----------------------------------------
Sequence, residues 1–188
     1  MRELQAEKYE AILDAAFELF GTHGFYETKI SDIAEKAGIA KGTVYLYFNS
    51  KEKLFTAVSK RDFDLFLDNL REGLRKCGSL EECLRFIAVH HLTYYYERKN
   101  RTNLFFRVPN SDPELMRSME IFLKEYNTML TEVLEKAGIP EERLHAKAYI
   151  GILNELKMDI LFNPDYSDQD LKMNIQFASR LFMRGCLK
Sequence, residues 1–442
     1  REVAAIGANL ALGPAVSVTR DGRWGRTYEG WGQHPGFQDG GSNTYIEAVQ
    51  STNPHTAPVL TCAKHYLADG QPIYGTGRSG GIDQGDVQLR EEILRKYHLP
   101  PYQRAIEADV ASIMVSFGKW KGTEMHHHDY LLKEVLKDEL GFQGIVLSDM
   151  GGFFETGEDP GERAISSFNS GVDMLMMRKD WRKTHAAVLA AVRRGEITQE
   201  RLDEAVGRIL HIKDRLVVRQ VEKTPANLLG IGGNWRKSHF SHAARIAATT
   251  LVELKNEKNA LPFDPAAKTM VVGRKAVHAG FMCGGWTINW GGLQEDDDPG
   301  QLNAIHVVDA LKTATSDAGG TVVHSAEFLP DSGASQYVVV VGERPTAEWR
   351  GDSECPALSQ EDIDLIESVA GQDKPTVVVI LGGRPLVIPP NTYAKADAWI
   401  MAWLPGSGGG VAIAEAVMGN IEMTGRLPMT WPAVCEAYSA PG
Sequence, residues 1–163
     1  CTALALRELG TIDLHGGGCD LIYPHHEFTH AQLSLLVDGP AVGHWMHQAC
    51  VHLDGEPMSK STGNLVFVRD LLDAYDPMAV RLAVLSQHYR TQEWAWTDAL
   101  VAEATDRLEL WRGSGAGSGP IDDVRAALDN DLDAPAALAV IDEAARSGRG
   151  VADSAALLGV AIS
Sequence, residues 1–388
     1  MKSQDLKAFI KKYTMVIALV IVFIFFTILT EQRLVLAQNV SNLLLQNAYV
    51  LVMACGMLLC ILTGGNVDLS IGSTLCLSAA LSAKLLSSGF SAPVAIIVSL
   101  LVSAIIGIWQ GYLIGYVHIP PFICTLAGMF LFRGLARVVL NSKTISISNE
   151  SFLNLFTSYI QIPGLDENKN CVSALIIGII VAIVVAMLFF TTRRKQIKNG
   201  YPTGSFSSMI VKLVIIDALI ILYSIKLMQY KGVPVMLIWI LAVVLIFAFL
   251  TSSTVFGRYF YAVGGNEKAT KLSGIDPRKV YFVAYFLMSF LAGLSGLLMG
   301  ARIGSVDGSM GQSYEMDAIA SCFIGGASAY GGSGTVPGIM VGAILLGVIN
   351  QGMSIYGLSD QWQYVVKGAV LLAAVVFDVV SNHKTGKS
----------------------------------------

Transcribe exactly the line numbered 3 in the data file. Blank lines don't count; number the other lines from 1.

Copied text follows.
    51  KEKLFTAVSK RDFDLFLDNL REGLRKCGSL EECLRFIAVH HLTYYYERKN